They added that benefit-sharing should go beyond conservation and sustainable use. This was opposed by other nations, according to a report from the International Institute for Sustainable Development. Some delegates underlined the need for fair, equitable agreement on benefit-sharing that is also implementable. Discussions were also held on capacity building and technology transfer. One nation reportedly suggested including “financial and other” resources as types of capacity building. This, they said, could help developing countries, which require $14 billion to achieve the 30×30 goal adopted at the 15th Conference of Parties (COP) to the United Nations Convention on Biological Diversity.

Dr Laura Meller, Oceans Campaigner and Polar Advisor, Greenpeace Nordic said:
“The oceans support all life on Earth. Their fate will be decided at these negotiations. The science is clear. Protecting 30% of the oceans by 2030 is the absolute minimum necessary to avert catastrophe. It was encouraging to see all governments adopt the 30×30 target last year, but lofty targets mean nothing without action.” “This special session taking place so soon after the last round of negotiations collapsed gives us hope. If a strong Treaty is agreed on the 3rd of March, it keeps 30×30 alive. Governments must return to negotiations ready to find compromises and deliver an effective Treaty. We’re already in extra time. These talks are one final chance to deliver. Governments must not fail.”

More than 50 High Ambition Coalition countries promised a Treaty in 2022 and they failed. Many of the self-proclaimed ocean champions from the Global North refused to compromise on key issues such as financing and monetary benefit sharing from Marine Genetic Resources until the final days of talks. They offered too little, too late. The sticking points which need resolution are on finance, capacity building and the fair sharing of benefits from Marine Genetic Resources. Resolving these impasses depends on the Global North making a fair and credible offer to the Global South.

Establishing a global network of protected areas should be a primary objective of the Treaty. A strong Treaty must be robust enough to facilitate th4e creation of fully protected ocean sanctuaries across the high seas, free from activities like destructive fishing and deep-sea mining. The Conference of the Parties (COP) created by the Treaty must be able to take decisions on all potentially damaging activities, including fishing, inside protected areas without deferring to dysfunctional sectoral bodies that only care about short term interests. The COP must also be able to function through majority vote, not relying on consensus, to avoid single countries stalling or blocking progress. This understanding of complexity is vital for the future. Around the world, small-scale fisheries workers and grassroots ocean protectors are demanding action to protect the oceans – like the community in Cayar, Senegal, who are suing a polluting fishmeal factory with Greenpeace’s support. The threat of deep-sea mining is adding to the many pressures the oceans are facing. A strong Global Ocean Treaty can help turn the tide, prioritising ocean protection over exploitation.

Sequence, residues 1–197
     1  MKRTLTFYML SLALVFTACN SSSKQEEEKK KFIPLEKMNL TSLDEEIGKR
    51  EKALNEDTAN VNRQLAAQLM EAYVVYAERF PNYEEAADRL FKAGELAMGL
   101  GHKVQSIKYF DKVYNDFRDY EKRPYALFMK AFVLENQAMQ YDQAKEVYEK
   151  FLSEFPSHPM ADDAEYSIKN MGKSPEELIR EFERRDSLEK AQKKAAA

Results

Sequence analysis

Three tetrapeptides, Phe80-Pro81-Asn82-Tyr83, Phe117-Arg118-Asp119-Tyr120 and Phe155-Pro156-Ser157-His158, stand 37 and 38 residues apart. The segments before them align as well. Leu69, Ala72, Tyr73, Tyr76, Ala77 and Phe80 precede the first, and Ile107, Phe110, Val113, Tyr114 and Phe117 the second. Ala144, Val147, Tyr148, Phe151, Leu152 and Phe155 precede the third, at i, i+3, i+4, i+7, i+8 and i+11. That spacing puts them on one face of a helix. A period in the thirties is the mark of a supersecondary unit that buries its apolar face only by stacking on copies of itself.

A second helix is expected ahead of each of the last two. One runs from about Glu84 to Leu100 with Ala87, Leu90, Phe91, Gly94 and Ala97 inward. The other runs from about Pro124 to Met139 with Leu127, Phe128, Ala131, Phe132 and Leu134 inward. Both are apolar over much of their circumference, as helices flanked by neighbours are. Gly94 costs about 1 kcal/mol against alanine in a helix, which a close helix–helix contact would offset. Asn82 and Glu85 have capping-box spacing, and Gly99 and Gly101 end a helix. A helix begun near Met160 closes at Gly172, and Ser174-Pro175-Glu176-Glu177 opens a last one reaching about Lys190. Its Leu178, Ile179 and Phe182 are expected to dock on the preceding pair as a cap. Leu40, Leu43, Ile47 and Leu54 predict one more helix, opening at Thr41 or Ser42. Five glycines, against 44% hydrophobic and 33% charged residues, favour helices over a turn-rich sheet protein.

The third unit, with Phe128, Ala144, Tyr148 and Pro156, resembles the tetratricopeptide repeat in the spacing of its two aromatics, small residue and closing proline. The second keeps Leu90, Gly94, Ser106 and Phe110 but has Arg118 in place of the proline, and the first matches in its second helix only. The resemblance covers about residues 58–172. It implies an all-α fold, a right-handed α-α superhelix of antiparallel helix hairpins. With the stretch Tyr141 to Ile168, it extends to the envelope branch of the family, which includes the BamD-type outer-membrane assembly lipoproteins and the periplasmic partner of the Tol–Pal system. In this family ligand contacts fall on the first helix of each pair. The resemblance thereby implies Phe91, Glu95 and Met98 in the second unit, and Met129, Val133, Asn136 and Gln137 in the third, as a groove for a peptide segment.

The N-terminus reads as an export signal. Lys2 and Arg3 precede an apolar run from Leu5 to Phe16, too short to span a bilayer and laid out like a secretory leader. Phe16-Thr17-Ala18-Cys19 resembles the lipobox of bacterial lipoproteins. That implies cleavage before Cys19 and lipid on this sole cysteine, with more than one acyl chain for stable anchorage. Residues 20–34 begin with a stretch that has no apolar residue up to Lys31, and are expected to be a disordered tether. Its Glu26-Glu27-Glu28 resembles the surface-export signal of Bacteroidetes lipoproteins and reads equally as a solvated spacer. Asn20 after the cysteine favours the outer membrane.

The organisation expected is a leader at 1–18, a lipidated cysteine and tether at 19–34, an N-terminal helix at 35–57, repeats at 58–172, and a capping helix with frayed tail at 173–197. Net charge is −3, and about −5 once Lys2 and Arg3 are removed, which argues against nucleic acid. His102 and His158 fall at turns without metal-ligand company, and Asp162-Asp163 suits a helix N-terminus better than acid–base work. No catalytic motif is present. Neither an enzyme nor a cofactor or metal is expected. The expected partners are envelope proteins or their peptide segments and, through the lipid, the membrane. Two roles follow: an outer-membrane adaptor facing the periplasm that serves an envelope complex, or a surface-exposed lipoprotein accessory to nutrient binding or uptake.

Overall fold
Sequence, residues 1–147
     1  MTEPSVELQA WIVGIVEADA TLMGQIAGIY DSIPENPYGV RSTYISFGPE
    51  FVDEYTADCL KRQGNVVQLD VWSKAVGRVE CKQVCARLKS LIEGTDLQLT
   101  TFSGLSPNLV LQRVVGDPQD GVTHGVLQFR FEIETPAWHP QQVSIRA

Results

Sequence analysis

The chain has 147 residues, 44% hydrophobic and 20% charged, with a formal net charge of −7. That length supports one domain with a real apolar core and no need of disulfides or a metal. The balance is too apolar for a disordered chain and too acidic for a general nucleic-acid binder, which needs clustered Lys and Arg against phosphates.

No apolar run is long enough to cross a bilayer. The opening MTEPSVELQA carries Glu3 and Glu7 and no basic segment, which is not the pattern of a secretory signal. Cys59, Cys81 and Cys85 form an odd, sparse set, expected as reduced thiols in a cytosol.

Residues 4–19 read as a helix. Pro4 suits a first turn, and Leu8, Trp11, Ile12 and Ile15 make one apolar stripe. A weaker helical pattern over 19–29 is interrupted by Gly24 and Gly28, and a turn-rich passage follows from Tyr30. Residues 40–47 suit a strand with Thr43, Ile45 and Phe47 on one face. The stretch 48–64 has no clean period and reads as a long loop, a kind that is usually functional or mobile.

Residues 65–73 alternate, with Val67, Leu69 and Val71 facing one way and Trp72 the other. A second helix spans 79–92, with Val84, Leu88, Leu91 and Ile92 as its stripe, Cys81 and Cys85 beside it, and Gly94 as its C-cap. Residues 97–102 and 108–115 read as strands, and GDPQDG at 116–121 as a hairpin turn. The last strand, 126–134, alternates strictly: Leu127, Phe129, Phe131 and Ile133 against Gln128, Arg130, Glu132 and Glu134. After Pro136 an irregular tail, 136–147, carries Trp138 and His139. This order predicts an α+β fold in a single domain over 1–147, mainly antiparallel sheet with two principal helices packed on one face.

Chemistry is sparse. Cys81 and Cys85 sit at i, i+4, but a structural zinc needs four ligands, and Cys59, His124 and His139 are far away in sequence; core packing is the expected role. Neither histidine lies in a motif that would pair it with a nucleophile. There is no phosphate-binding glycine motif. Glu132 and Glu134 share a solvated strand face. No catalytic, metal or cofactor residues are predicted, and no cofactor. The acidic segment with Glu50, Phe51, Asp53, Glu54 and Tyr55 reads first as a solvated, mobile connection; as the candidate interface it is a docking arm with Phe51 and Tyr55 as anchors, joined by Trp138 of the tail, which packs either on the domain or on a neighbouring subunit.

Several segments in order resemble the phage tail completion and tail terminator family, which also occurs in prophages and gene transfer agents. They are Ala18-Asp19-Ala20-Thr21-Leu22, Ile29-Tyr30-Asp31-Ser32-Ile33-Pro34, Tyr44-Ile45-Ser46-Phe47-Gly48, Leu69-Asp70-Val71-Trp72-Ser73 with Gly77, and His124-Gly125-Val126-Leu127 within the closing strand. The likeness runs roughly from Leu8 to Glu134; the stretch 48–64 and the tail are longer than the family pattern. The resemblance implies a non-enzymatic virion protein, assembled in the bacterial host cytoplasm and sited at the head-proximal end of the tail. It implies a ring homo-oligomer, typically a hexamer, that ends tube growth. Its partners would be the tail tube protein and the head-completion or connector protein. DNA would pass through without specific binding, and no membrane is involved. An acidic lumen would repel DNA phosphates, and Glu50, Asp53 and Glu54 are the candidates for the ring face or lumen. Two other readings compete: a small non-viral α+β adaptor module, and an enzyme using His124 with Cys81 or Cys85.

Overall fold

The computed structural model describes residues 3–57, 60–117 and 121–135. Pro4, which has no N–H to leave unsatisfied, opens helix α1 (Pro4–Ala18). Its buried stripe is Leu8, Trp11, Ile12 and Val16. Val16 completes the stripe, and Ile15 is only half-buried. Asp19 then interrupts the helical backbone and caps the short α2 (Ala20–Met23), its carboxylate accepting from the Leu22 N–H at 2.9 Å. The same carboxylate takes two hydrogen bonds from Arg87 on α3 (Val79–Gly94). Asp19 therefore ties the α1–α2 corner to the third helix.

So, what about Complexity and the Oceans ?

Whilst countries negotiate in New York other problems arise. A report from Dakar in Senegal, this month February 2023 – Greenpeace Africa revealed the suspicious presence of a Russian factory trawler in Senegalese waters. This vessel, with an estimated storage capacity of more than 2,000 tonnes, was simply putting further pressure on the increasingly scarce fish stocks in Senegalese waters. The 120m Vasiliy Filippov (IMO: 8607191, MMSI: 273299470) arrived in Senegalese waters on 7 February, and has been operating off the Petite Côte and Casamance since 8 February (see image below). Before flying the Russian flag, the vessel was registered in Poland, Namibia and Belize successively. According to Greenpeace Africa’s investigation, the Vasiliy Filippov is owned by a Namibian intermediary on behalf of an Icelandic company, Samherji, which has recently been accused of corruption in an ongoing case in Namibia.